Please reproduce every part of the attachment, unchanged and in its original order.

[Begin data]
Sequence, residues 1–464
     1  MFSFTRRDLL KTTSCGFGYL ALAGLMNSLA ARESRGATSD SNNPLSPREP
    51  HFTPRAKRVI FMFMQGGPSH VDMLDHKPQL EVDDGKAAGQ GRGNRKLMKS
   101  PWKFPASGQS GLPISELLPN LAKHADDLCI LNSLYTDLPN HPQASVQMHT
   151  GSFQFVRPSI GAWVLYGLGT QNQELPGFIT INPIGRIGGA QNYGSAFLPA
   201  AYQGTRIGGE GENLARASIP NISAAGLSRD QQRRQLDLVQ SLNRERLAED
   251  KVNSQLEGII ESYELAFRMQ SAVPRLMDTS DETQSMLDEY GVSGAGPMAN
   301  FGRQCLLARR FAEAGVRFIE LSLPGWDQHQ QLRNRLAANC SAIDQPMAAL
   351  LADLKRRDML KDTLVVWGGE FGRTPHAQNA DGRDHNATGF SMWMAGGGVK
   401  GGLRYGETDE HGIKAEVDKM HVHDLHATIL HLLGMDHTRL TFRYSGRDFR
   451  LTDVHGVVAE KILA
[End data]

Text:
Sequence, residues 1–464
     1  MFSFTRRDLL KTTSCGFGYL ALAGLMNSLA ARESRGATSD SNNPLSPREP
    51  HFTPRAKRVI FMFMQGGPSH VDMLDHKPQL EVDDGKAAGQ GRGNRKLMKS
   101  PWKFPASGQS GLPISELLPN LAKHADDLCI LNSLYTDLPN HPQASVQMHT
   151  GSFQFVRPSI GAWVLYGLGT QNQELPGFIT INPIGRIGGA QNYGSAFLPA
   201  AYQGTRIGGE GENLARASIP NISAAGLSRD QQRRQLDLVQ SLNRERLAED
   251  KVNSQLEGII ESYELAFRMQ SAVPRLMDTS DETQSMLDEY GVSGAGPMAN
   301  FGRQCLLARR FAEAGVRFIE LSLPGWDQHQ QLRNRLAANC SAIDQPMAAL
   351  LADLKRRDML KDTLVVWGGE FGRTPHAQNA DGRDHNATGF SMWMAGGGVK
   401  GGLRYGETDE HGIKAEVDKM HVHDLHATIL HLLGMDHTRL TFRYSGRDFR
   451  LTDVHGVVAE KILA